The theme for this year's self-care week, starting on Monday, is ‘live self-care for life’, which encourages people to look after their own health and wellbeing and to ‘live’ self-care for a happier, healthier life.
Bosses at Shropshire and Telford & Wrekin Clinical Commissioning Groups say the NHS is there to help during the winter months when people need it.
But it is also important to remember that there are things people can do at home to look after their own health and wellbeing.
A fully stocked medicine cabinet is one of the best ways to stay prepared and help ease any minor ailments that can be treated in the home, health chiefs say.
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Medicine cabinet essentials such as anti-histamines, a thermometer, pain relief (paracetamol and ibuprofen), a first aid kit (plasters, bandage, antiseptic cream), and indigestion treatment are all available to buy without prescription and at a small cost from pharmacies and supermarkets.
The NHS ‘Live Well’ website at nhs.uk/live-well contains advice, tips and tools to help people make the best choices about their health and wellbeing.
There is also a range of exercise videos and workouts to do at home.
Dr Julian Povey, joint chair of Shropshire, Telford and Wrekin CCGs, said: “Self-care will be crucial during the latest restrictions and throughout the winter months.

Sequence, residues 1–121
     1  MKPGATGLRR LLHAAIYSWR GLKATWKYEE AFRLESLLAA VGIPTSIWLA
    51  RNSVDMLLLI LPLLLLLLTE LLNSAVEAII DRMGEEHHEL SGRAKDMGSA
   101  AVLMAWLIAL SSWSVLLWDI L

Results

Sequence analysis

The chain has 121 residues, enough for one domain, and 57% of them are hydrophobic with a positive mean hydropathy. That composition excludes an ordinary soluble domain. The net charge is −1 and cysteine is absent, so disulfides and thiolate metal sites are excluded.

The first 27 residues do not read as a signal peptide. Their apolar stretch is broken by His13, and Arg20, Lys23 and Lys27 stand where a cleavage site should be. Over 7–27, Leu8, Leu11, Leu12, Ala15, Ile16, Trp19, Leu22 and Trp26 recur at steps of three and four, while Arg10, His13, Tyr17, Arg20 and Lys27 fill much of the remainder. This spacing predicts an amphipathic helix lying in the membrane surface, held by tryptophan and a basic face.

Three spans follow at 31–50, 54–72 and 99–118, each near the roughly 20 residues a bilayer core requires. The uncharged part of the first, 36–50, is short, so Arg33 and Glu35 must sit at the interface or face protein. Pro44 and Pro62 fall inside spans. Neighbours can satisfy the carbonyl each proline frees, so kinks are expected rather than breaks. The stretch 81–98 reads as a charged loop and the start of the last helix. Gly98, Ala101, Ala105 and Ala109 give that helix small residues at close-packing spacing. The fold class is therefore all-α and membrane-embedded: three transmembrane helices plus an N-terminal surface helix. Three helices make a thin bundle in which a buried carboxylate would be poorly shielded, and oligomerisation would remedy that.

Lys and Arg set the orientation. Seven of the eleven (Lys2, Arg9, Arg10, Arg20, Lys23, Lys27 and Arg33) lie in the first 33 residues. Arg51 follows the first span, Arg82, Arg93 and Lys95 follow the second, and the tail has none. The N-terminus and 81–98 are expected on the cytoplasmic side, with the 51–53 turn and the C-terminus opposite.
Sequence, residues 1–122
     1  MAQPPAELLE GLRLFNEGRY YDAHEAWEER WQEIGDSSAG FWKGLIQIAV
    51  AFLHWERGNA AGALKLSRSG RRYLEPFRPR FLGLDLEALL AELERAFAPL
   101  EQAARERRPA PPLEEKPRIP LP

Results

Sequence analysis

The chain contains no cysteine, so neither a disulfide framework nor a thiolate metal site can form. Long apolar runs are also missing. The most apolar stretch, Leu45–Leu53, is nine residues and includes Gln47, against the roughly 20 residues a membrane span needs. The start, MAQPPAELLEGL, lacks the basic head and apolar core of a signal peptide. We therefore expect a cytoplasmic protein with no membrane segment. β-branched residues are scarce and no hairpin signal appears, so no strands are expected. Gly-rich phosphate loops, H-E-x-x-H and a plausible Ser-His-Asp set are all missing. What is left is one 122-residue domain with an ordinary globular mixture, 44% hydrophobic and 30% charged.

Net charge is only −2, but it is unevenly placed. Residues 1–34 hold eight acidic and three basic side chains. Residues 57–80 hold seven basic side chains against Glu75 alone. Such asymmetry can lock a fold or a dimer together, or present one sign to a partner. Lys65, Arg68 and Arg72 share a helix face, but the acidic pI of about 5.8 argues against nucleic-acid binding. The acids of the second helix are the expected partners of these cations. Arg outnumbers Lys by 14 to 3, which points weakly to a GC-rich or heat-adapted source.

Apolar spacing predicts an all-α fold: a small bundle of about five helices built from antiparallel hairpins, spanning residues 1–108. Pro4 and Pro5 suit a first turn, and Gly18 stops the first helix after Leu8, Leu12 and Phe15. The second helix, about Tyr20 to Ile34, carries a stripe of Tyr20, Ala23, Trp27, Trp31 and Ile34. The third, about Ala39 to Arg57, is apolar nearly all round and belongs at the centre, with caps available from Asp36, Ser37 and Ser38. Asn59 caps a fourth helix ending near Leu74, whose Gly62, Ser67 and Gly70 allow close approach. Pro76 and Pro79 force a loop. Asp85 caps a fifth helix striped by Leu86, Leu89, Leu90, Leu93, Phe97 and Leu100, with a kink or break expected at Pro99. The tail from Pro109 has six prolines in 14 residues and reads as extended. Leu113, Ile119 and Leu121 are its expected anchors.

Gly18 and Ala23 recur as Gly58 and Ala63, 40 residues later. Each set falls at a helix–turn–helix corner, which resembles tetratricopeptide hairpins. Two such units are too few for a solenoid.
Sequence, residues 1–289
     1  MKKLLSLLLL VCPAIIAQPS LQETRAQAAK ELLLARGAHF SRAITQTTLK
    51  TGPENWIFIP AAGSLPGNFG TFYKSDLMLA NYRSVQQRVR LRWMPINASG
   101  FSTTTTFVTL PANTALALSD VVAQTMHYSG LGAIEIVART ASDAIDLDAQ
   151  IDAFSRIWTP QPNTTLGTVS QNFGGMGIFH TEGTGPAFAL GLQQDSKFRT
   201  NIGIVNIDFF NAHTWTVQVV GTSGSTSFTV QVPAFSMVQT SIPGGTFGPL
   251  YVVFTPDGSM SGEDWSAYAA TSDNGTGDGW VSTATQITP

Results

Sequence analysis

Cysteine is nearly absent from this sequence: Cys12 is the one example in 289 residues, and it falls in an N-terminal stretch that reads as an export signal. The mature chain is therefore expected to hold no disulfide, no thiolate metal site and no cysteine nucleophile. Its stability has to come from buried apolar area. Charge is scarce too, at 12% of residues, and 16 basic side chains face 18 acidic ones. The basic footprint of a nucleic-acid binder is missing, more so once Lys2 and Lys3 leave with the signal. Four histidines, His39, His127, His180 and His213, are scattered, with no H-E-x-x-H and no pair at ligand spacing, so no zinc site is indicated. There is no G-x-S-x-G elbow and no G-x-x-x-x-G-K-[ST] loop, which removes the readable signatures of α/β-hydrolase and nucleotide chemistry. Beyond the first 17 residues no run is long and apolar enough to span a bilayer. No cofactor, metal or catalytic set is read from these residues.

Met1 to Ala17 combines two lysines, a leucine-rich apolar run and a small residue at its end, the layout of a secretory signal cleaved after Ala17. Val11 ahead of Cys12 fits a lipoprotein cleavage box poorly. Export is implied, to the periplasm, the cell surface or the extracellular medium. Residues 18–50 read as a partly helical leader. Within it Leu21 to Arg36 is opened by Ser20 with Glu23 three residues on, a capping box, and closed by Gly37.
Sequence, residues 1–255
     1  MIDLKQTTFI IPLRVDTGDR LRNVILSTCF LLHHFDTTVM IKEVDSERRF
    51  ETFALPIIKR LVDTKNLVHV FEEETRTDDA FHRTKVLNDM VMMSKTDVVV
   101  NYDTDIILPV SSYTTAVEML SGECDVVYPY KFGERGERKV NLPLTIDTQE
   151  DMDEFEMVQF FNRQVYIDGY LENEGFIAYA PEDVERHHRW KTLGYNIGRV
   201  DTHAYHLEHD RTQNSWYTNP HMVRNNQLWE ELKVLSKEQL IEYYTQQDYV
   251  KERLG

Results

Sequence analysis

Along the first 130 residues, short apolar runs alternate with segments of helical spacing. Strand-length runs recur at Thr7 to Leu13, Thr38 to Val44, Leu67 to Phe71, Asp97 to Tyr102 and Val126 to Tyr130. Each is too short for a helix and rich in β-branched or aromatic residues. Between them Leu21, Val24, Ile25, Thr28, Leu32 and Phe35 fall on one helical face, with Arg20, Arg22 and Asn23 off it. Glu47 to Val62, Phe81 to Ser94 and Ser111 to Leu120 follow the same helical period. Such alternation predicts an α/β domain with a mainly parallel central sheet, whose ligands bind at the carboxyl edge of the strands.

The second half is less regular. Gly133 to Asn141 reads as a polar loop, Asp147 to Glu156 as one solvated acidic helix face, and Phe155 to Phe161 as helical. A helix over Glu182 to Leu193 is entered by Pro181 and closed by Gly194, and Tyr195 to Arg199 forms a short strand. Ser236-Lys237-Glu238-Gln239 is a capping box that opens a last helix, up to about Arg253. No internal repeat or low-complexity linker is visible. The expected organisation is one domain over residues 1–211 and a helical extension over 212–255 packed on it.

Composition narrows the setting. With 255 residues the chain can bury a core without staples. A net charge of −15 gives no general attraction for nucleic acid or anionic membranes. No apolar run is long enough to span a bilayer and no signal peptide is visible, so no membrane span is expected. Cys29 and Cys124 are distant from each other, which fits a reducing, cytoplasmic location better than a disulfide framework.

“We recommend you stock up your medicine cabinets, stay active, eat well and get plenty of rest.
"The shorter days and colder weather can make it harder to go outside for exercise, but there are plenty of activities you can do in your own home.
“If you’re currently working from home, take regular breaks. To make the most of daylight hours, go outside for a walk at lunchtime for some fresh air and exercise.
“It’s also important not to delay accessing health services if you need advice.
"The NHS remains open and there are different services available depending on your health needs.”
GP practices are open and strict measures are in place to keep staff and patients safe if you need to see a GP or a healthcare professional face-to-face.
However, during Covid-19, patients are asked to not just turn up at their GP practice – you must book an appointment either online or by phone first.
For non-emergency health concerns, contact NHS 111.
This service is available 24 hours a day, seven days a week, and can be accessed online at 111.nhs.uk or by calling 111 free from mobiles and landlines.
Minor injury units (MIUs) can treat a range of conditions including broken bones, head injuries, moderate burns and scalds, and eye injuries.
Within Shropshire, these MIUs are located at Bridgnorth Community Hospital, Ludlow Community Hospital, Oswestry Health Centre and Whitchurch Community Hospital.
A&E and 999 should only be used in life-threatening emergencies.